Type: UP (Unholy Pet).
Period/location of origin: Unknown, Iceland. Although many reports state that subject, known as the jólakötturinn or Yule Cat, originated during the medieval era or Dark Ages, written record of subject dates back only as far as the 19th century. Given that record of subject’s owners (see also: Gryla and family) dates back to the 13th century, this is somewhat odd. However, it is always possible that subject’s owners only recently decided to adopt a family pet.
Appearance: Subject appears to be an enormous cat with glowing eyes and needle-sharp claws. “Enormous” does not refer to, say, the size of a lion, tiger, or other big cat compared to that of a typical domesticated house cat; rather, “enormous” in this case means “larger than a detached, single-family dwelling of considerable size.” Subject is sometimes described as having black fur, although this detail may or may not be present depending on the source.
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Modus operandi: Subject lies in wait much of the year, enjoying life at home with its family, as many house pets do. However, subject begins to stir as Dec. 25 approaches. On Dec. 24, subject goes on the prowl, examining each and every home in order to ensure that its inhabitants have recently received new clothing.
If they have, subject allows them to go free, continuing their holiday celebrations, if any are being held.
If they have not, however, subject will consume them alive.
This, however, assumes that subject’s owners have not already visited, abducted, and consumed these targets themselves.
Jól (see: Additional notes) is a treacherous time of year, indeed.
Containment: Subject may be held at bay by targets either acquiring new clothing for themselves before Dec. 24 (see: Additional notes), or by gifting someone less economically privileged with clothing before that same date. For an extra level of protection, targets should plan on wearing their new clothes on Dec. 24 and/or Dec. 25.
Additional notes: As detailed elsewhere in this Encyclopaedia, subject belongs to the family of the ogre/troll/witch/giantess Gryla. Gryla, her spouse Leppalúðim, and their children, the 13 jólasveinar/Yule Lads live together in a cave for the majority of the year; however, during the month of December — specifically during the parts of December that encapsulate the Icelandic winter holiday season, jól — they become active in society. (Jól is roughly analogous to the modern-day Christmas season) Gryla hunts misbehaving children, children who have eaten meat during Lent, or children who are caught outside of their homes at night, abducts those she finds who fit these criteria, brings them to the family cave, and then consumes them, either raw or cooked. The Yule Lads, meanwhile, visit the homes of those who celebrate jól between Dec. 12 and Dec. 24 — one per day — and stay for 13 days apiece, wreaking as much havoc within the homes as possible before they depart. Leppalúðim does not seem to do much of anything; his laziness is his defining characteristic.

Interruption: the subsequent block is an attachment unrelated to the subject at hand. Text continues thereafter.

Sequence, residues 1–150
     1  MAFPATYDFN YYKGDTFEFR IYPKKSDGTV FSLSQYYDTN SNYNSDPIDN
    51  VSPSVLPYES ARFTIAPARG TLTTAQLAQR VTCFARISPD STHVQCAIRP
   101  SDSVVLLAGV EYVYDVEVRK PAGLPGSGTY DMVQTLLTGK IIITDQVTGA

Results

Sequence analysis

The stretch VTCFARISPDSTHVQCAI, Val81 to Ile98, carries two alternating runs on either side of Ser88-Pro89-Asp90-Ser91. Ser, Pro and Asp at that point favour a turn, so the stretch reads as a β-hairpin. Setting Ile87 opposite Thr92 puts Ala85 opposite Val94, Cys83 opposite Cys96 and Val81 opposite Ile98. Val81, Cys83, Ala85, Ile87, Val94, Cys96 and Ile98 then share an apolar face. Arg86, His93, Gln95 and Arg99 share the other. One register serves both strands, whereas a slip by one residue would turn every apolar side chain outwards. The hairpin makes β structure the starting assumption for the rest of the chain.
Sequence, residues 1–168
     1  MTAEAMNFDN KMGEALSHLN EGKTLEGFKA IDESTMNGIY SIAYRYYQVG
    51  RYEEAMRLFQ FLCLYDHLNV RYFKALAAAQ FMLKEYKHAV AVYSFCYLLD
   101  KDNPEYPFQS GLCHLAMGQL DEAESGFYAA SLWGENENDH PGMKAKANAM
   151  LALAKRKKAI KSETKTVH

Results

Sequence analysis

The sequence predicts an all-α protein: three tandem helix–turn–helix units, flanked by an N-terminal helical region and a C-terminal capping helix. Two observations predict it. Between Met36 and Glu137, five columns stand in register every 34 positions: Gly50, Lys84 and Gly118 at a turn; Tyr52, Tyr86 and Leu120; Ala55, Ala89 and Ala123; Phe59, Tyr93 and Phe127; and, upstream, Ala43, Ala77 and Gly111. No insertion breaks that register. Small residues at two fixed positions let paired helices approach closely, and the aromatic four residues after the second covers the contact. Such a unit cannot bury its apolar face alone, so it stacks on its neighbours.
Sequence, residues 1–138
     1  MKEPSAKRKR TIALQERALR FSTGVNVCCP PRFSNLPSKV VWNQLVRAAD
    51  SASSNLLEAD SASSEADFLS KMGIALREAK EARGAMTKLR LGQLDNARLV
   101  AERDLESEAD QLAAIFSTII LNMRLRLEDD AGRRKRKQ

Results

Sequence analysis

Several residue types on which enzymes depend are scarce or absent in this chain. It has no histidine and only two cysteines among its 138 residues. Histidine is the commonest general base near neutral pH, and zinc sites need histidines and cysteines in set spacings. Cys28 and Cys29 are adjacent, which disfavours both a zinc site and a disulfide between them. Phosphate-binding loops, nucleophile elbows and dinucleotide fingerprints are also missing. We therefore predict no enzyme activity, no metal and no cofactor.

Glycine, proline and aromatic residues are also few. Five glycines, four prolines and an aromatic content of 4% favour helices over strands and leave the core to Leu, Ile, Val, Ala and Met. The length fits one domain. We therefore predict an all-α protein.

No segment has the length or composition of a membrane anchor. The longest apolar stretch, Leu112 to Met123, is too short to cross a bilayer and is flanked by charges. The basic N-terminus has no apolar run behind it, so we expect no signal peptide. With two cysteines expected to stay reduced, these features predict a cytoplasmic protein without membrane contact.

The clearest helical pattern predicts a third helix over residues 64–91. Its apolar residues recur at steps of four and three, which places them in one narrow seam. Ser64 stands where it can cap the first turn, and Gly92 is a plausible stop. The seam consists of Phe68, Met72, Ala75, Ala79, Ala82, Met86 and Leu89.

While written record of Gryla begins in the 13th century work Prose Edda, stories about her are believed to have circulated for some time beforehand. Gryla and her family apparently waited some time to adopt their household cat, as written record of subject does not appear until five centuries later. It has been suggested that stories about subject may have circulated as oral tradition prior to this time, but it is not possible to determine whether this is actually the case.
Interestingly, Gryla’s specific association with jól did not arise until the 19th century — that is, the same time that subject entered the written record.
Subject received widespread attention in 1932, thanks to the publication of Icelandic author and poet Jóhannes úr Kötlum’s book Jólin koma. This volume included a poem written about and titled after subject which remains popular in Iceland today. The poem may be found here. Icelandic musician Björk later wrote and recorded a song about subject, as well, using Kötlum’s poem as inspiration. The song may be heard here.
Subject’s preoccupation with new clothing is somewhat more understandable within the context of what the clothing represents. The understanding is that one may only acquire new clothing if one maintains a good work ethic — that is, either the clothing is paid for with money earned from working hard, or the clothing is itself payment for working hard. Should a target not have acquired new clothing by the appointed time of year, subject infers that this target is lazy and therefore deserves to be punished. In this sense, subject functions as the bogeyman figure of a cautionary tale told to young children — the kind that usually goes, “Work hard, or the Yule Cat will eat you.” Failing to gift clothing to someone else in addition to not acquiring new clothing for target’s own self also positions subject as the bogeyman figure of a cautionary tale: “Be kind and generous to those less fortunate than yourself, or the Yule Cat will eat you.”
There are numerous issues with subject’s logic, particularly as it pertains to acquiring new clothing for one’s own self. For one thing, laziness is far from the only reason one may not have the funds available to purchase new clothing at the end of the year; indeed, many of these alternate reasons may not be the fault of the target at all — for instance, job loss due to layoffs and budget-cutting; a job marketed glutted with applicants; a failing national or global economy resulting in low and/or stagnant wages, etc. Additionally, subject does not seem to hold its own family — namely Leppalúðim — to the same standard as it does everyone else, which is more than a little bit hypocritical.
It is not recommended that one point out subject’s hypocrisy to it. It is likely that subject will respond by eating anyone who dares do so.
Recommendation: Work hard.
Or subject will eat you.
[Photo via AlexVov/Pixabay]